It's even more deadly for infants born premature, said Dr. Michelle Chudow, an attending pediatrician at Mt. Washington Pediatric Hospital. These babies, who are born with lungs that haven't finished developing and are more at risk of swelling and holding onto fluid, may have to be put on a ventilator or admitted to an if they catch the virus, she said.

"We don't want them to have gotten through everything that they've done to make it out of the hospital as a and then get RSV at home," Chudow said. "The more we can do to protect them while they're here, the better for them in the long run."

As in previous years, another antibody product is available to protect medically vulnerable babies from RSV—a drug called palivizumab, which is marketed as Synagis. This drug, however, must be given to babies once a month during the respiratory season, unlike Beyfortus, which delivers antibodies that last for five months.

It's also more expensive, at $2,000 a pop, compared to Beyfortus' $500 price tag.

At the start of the respiratory season, Dr. Theresa Nguyen, chair of the pediatrics department at the Greater Baltimore Medical Center, said she was hopeful the Towson-based hospital could give newborns a Beyfortus shot before they go home that would protect them for the rest of the respiratory season.

"Those hopes are dying quickly," Nguyen said.

So far, the hospital has only gotten "dribbles" of the drug, she said.

Nguyen anticipates that, by the time the respiratory season ends, GBMC's outpatient practice, GBMC Pediatric Group, will have received fewer than 50 doses of Beyfortus—a quantity that will include few 100 milligram doses. The hospital has received fewer than 10 doses of the drug, and an additional 10 doses are on back order, she said.

Without enough doses to immunize every infant who qualifies for the drug, Nguyen and other pediatricians are urging pregnant people to get vaccinated against the virus when they're between 32 and 36 weeks pregnant. In doing so, they'll pass passive antibodies on to their babies, who won't need to get immunized when they're born, Nguyen said.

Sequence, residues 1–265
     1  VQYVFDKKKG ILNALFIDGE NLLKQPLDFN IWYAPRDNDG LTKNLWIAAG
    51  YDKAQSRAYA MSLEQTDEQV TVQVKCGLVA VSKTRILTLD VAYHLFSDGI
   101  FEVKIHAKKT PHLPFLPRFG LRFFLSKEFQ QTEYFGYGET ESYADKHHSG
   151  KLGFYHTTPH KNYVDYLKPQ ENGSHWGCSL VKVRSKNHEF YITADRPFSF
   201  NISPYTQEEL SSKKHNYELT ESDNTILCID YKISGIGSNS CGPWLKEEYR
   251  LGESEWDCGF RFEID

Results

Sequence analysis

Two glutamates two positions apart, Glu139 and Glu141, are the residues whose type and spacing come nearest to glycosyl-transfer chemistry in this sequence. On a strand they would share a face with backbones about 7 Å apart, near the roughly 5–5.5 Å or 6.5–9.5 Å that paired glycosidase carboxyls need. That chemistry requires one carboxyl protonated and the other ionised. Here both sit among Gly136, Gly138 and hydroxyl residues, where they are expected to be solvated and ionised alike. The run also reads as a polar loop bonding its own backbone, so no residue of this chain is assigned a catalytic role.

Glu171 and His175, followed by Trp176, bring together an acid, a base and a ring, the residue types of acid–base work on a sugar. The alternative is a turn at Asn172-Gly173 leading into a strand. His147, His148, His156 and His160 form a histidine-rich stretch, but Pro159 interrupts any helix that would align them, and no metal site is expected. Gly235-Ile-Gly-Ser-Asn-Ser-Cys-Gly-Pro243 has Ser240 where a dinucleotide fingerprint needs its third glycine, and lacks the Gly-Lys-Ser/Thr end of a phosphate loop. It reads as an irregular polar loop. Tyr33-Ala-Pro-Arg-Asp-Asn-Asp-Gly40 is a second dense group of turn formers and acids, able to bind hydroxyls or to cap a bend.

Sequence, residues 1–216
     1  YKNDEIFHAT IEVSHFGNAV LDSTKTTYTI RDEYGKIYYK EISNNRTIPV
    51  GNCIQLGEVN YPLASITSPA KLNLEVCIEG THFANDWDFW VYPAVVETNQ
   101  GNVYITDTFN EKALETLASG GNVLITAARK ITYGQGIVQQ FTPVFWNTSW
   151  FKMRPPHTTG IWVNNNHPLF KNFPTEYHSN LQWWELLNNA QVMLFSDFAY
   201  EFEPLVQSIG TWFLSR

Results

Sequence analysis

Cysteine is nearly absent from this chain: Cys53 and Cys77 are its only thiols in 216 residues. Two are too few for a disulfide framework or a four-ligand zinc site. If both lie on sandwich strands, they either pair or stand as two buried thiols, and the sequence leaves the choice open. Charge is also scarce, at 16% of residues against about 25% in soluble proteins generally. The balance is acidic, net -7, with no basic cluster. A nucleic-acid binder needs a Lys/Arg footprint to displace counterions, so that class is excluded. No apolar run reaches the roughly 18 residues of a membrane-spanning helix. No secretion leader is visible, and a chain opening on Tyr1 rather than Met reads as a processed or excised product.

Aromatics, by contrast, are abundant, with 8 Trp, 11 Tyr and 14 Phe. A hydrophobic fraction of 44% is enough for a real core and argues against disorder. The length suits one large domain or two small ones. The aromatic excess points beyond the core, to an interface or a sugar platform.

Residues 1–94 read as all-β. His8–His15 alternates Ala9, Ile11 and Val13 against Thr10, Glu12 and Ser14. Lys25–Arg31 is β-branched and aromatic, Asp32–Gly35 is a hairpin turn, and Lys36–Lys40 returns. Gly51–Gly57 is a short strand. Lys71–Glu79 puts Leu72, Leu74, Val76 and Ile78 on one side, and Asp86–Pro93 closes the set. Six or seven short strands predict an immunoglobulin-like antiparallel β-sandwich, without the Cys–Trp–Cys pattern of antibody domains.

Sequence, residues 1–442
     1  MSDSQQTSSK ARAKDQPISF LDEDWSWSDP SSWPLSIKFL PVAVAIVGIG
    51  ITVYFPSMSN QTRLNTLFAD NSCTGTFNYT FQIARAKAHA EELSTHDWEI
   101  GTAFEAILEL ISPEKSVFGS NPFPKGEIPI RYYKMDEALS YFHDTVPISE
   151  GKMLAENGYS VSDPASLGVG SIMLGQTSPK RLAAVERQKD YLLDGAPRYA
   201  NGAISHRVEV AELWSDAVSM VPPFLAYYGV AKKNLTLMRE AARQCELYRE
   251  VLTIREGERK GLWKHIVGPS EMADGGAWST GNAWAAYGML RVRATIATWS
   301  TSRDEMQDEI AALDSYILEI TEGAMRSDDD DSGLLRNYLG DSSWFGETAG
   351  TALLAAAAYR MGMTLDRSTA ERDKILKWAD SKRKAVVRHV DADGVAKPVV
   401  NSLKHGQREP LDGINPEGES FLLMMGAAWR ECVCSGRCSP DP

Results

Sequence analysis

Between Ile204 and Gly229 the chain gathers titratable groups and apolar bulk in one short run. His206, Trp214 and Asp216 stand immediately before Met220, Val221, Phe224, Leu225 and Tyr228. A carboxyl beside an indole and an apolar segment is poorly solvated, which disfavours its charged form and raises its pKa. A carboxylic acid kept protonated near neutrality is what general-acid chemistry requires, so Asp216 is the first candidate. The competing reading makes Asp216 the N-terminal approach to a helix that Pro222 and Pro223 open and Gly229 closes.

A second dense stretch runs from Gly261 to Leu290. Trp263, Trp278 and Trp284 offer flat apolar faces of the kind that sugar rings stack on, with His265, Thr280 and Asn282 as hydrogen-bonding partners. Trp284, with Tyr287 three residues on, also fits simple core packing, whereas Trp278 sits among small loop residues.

"It is available at all pharmacies," Nguyen said. "All you have to do is get your obstetrician to write you a prescription for the RSV vaccine."

An RSV vaccine also is available to people who are 60 or older.

If parents aren't able to get their babies immunized against RSV, Nguyen advised them to avoid exposing their children under six months of age to anyone who is sick. She also asked people to protect their friends, coworkers and family members by wearing a mask when they're sick.

As a neonatologist at the University of Maryland Children's Hospital, Dr. Natalie Davis cares for some of the sickest and most medically vulnerable infants. For that reason, she suspects that the hospital has received more doses of the shot than others in the area. However, she said, it still doesn't have as many doses as she and her colleagues would like.

In future years, she said she hopes there will be more doses available because of this season's high demand. She's also relieved to still be able to use the Synagis to keep her tiny patients safe.

"At least our babies are not left without any protection," said Davis, who is also an associate professor at the University of Maryland School of Medicine. "It's just the [drug] that has more pros than cons is the one that's limited."

2023 The Baltimore Sun. Distributed by Tribune Content Agency, LLC.

Citation: Pediatricians scramble for RSV shots amid shortage (2023, December 5) retrieved 20 May 2024 from